- Actors: Michael Kitchen, Sean Gallagher, Caroline Catz
- Writers: Simon Burke
- Format: Colour
- Language: English
- Studio: UK Entertainment
- Run Time: 202 minutes
- Average Customer Review: 7 customer reviews
- ASIN: B00008T4BJ
- Amazon Bestsellers Rank: 280,065 in DVD & Blu-ray (See Top 100 in DVD & Blu-ray)
The Guilty [VHS] 
THE GUILTY (VHS) 1992 "The Guilty" is a 1992 TV movie starring Michael Kitchen. He plays Steven Vey, an excellent attorney who is totally self-involved, arrogant, and amoral. He lives with his wife and her children, whom he doesn't like. Steven becomes interested in a young secretary, Nicky (Caroline Catz). One night, they have drinks together and go to her apartment. He wants to have sex with her, but Nicky realizes it's a mistake. After all, he's her boss and he's married. Steven doesn't take no for an answer and rapes her. Nicky is too traumatized to report it or do anything about it, but Steven is bothered by her presence and has her fired. Then he is made a Judge. Nicky sees an opportunity to threaten him with going public if he doesn't resign.
Top customer reviews
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Well i will not give the plot away get it have a look.
This probably happens more than we know BUT women should be careful is they ask a Man up for a Coffee.
No means no but actions can be confusing.
Here is my review from amazon.com: Two actors who have become well known in the US (at least by watchers of British TV on PBS stations) are Michael Kitchen in Foyle's War and Caroline Catz in Doc Martin. Impressed by both, I looked to see what other movies each had made and discovered both were in this film, "The Guilty" a 201 minute mini-series shown on British TV almost 20 years ago. Kitchen was well established in Britain by then but, except for a small role as a receptionist in a single episode of a long running sitcom, it was Catz's first film-she was 22 years old.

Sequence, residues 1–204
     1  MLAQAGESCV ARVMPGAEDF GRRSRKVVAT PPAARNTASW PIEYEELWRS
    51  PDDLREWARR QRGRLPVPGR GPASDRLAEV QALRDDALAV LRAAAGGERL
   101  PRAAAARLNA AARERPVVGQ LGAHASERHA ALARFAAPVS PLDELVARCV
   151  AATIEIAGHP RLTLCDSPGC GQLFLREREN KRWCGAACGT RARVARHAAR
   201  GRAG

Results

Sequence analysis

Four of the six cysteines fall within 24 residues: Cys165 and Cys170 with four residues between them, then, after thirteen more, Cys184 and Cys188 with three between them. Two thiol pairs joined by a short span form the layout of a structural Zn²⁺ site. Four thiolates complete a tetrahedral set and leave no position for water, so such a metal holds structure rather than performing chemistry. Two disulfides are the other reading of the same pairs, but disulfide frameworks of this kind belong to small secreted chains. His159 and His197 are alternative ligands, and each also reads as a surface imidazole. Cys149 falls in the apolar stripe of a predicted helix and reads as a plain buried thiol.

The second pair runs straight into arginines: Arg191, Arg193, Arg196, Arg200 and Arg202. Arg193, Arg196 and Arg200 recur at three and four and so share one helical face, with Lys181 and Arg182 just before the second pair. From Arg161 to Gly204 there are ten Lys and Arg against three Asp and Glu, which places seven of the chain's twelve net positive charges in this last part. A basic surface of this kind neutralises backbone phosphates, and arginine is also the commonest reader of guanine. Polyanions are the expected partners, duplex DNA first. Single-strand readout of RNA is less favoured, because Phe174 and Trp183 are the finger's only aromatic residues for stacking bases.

The movie is simply terrific-gripping until the very end and though there are some spoilers in reviews and commentary on Amazon.com, very suspensful throughout. I can't remember when my wife and I were last so engrossed in a movie and I am amazed that it hasn't been a smash hit. (It did get some awards in Britain when it was shown there on TV back in 1992.) The acting throughout is excellent. Kitchen has the same mannerisms and low key acting that make him such a compelling Foyle-though of course he is playing a role which is almost the polar opposite in terms of character. Catz is equally accomplished, and one has a foretaste of her excellent acting as Louisa Glasson in Doc Martin. Her career after this movie and until Doc Martin consisted mainly of being a police officer in a series of detective serials, a few episodes of "The Bill" and "The Vice" and being the co-star police detective in a three season program "Murder in Suburbia" all well known in Britain but not familiar to most American audiences. I'm surprised that her performance in "The Guilty" didn't turn her into an international star overnight.
One [US] reviewer disliked it because Michael Kitchen's moral character was so different than in Foyle's War. Yes, it is, but to me it only shows what a versatile actor he is. I don't think that should be held against the movie. A couple of others have commented on the unusual number of coincidences necessary to drive the plot forward. I agree, and more than once I muttered that only if one of the characters had spoken up about what they knew, the situation might have turned out for the better. But, I don't think of this as a defect-it simply allowed the complexity of thoughts and motives of the leading characters to be fully developed.
I'd give "The Guilty" twenty stars if possible. It is a superb film.
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